• This analysis suffers from the same problem. At least there's an attempt to look at a window longer than one year, but again it's a cherry-picked period of 20 years, and it's backward looking returns data implied to be forward-looking. You also mention the drawdown in 2018. What was the maximum drawdown in 2008 to 2009?
  • Given the organization is granting funds a couple of months after receiving them, it has little ability to tolerate drawdowns, making comparisons to a higher risk fund incorrect to misleading.

Conclusion and staff time

You say:

Regardless of the estimation method, it’s very likely the counterfactual impact of changing GiveWell’s financial practices is in the millions of dollars. Not bad for a time investment that should take between 1–10 hours of staff time to set up, and 0–2 hours of staff time to administer on an annual basis!

  • As shown above, getting a counterfactual impact number in the millions of dollars is not "very likely... regardless of the estimation method". That statement is somewhere between incorrect and misleading. For instance if the cash balance is 10% of what you cite, and the interest rate is more like 0.50%, it doesn't hold up.
  • The staff time estimate is also somewhere between incorrect and misleading:
    • If it's just opening bank accounts, then the impact is GiveWell on average earning roughly the prevailing bank interest rate (close to zero for much of the relevant period)
    • If instead you want them (without the benefit of hindsight that you employ) picking actively managed JP Morgan bond funds, or creating and balancing a bond + stock fund, then I'd hazard it's more than two hours of work per year!
    • So either it's not much effort, and not much return, or there can be higher returns, but clearly it's more than 2 hours a year of effort.

I agree with Rob's points.

This article makes several statements that I interpret as somewhere between intentionally misleading and outright incorrect.

For instance, this reply says the 2.19% Fed Funds rate was the prevailing rate in 2019, and isn't intended to be a forecast of the future. But since we know the Fed Funds rate is 0% today, why would that rate be used to argue for a forward-looking change in behavior?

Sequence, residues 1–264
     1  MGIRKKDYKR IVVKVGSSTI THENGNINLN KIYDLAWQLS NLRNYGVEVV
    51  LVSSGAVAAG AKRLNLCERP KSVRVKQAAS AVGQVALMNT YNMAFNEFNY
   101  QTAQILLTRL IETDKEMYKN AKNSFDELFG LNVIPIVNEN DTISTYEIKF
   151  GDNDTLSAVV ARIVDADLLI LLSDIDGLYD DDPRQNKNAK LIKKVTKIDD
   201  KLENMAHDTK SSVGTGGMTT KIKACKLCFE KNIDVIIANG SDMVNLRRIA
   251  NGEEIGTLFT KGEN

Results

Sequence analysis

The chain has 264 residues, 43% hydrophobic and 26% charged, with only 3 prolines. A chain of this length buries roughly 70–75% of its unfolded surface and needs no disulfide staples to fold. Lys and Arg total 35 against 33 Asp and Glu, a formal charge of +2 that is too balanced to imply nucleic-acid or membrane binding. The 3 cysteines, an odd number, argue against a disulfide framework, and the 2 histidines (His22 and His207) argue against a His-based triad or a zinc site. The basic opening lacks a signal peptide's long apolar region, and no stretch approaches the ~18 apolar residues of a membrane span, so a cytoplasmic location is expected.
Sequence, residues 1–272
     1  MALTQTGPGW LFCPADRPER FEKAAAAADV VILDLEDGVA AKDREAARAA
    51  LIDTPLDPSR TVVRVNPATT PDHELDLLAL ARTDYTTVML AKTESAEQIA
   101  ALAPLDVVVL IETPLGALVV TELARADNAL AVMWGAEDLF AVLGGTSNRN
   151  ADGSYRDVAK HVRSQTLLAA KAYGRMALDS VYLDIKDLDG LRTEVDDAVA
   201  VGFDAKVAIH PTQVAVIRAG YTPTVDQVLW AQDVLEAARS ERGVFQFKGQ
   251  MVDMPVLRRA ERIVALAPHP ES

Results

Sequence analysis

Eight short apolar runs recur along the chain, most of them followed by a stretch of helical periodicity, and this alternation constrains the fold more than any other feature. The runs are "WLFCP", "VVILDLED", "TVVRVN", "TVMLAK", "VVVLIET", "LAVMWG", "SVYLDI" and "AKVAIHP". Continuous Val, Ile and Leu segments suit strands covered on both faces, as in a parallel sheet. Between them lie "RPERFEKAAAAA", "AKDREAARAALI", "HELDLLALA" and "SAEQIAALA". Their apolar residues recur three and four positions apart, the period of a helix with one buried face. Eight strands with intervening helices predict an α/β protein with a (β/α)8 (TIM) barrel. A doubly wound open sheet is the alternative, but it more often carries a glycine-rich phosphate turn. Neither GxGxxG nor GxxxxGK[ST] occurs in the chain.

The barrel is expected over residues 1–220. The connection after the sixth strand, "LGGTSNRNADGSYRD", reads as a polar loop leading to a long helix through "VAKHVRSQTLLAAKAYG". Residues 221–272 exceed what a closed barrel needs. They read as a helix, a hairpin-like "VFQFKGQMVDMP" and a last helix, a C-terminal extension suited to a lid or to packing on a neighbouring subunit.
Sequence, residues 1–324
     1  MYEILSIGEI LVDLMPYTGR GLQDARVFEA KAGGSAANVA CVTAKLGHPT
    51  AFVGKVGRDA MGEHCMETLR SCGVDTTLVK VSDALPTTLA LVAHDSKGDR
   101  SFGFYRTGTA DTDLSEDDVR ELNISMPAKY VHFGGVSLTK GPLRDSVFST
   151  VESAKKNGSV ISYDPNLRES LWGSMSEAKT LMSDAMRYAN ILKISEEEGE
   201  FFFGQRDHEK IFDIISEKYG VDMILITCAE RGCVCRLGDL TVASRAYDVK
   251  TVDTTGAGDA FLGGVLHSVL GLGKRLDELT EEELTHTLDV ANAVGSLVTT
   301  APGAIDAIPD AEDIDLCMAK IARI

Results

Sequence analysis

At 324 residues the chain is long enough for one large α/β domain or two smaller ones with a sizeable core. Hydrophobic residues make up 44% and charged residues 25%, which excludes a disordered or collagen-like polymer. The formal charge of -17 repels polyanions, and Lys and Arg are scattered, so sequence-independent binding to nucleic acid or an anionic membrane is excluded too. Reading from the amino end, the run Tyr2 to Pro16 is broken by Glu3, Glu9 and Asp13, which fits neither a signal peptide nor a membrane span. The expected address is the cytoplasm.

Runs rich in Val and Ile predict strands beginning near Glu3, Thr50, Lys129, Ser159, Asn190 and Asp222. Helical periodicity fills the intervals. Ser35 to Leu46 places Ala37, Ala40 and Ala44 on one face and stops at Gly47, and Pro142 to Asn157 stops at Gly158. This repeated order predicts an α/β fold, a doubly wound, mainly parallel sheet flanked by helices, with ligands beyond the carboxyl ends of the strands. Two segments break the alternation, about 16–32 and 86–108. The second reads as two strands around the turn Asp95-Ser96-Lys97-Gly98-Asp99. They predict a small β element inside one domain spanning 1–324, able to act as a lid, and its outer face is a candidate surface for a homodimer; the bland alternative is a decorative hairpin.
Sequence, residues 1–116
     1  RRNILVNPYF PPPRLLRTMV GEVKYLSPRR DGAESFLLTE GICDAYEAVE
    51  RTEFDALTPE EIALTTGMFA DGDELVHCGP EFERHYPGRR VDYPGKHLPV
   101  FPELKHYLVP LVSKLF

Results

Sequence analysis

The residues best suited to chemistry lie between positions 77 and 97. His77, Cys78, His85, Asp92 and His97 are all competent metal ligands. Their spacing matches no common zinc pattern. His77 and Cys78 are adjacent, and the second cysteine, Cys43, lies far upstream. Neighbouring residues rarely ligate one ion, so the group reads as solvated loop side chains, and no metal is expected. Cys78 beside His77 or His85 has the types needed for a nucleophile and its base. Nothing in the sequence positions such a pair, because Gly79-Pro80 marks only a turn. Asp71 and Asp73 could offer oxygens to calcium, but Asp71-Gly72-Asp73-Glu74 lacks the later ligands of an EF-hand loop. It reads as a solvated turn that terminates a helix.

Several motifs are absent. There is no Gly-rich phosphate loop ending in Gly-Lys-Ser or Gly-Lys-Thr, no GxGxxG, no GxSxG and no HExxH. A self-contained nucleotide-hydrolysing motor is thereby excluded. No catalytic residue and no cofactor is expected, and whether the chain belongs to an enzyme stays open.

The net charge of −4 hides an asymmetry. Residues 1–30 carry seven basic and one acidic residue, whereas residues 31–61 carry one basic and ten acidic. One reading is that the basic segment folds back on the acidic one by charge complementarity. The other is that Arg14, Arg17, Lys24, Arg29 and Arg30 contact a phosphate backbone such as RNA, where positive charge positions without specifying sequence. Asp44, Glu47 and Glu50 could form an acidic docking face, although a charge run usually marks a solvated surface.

Similarly, the 2019 return of a short-term bond fund gives literally no information about what returns a similar fund would offer today. Indeed the beauty of the bond market is that it does offer guaranteed future returns if you hold a bond to maturity. As of today, US government bonds (which carry no risk of default) offer a guaranteed annualized return of:

  • 0.08% if held for 3 months,
  • 0.10% if held for 12 months,
  • 0.13% if held for 2 years,
  • 0.94% if held for 10 years

So assuming an organization needed to make a grant within 12 moths, they could currently expect to make 0.10% on their cash balance. Needless to say this is 1/10th of 1%, or <1/20th of the figure cited in the post. And it seems a stretch to assume organizations hold cash for 12 months before granting it. So the likely benefit is perhaps at best 1/10th and potentially <1/100th of what's cited here.

Granted, this is not necessarily obvious stuff. However it is and should be easily understood by anyone holding themselves out to be giving financial advice to other people or institutions.

One quick P.S.: Clearly if our low, 1%, ask were creating moral permission for people to give less than they otherwise would, it would be bad. We don't see much evidence of this - very few of our donors were giving to EA causes before pledging to OFTW, and not many were giving at all.

Hi Aaaron,

I'm currently the chair of OFTW's volunteer group so hopefully can help answer this. I'll take your questions together as they're related.

On the current giving as % of income rate: There's a chart of our progress on this over time about half way down the post. This year, about half of donors are giving at least 0.9% of their income.

On average all time the proportion would be lower than this. This is an area where we're making progress by a) better understanding our donor base (what makes them resistant to giving more?) b) better training / equipping our campus leaders to ask their classmates to make a larger pledge (our chapter leader training has materially improved on this front) and c) improving our donation platform settings and defaults.

We have a small (single digit) number of donors who have given meaningfully more than this as a result of OFTW. We've done some small experiments aimed at getting existing donors to increase their pledges, but haven't had much success and haven't prioritized this as much as we have training new chapter leaders and increasing our penetration rates in existing chapters.

Ultimately getting people acculturated to thoughtful, effective giving is the near term goal, because if we build that habit it gives us a platform for bigger asks. If you think about the long term there are two potential prizes: 1) get a generation of people to give to effective causes and to give more, earlier than they otherwise would, and 2) get people to give more effectively on the path they would've otherwise followed (e.g. once someone is mid career and would normally give to their alma mater, give to AMF). Clearly 1) is a much bigger, more valuable change, and we want to work out how to do it. But preserving a relationship and building affinity over time also keeps 2) alive as an option, which is valuable.

Steve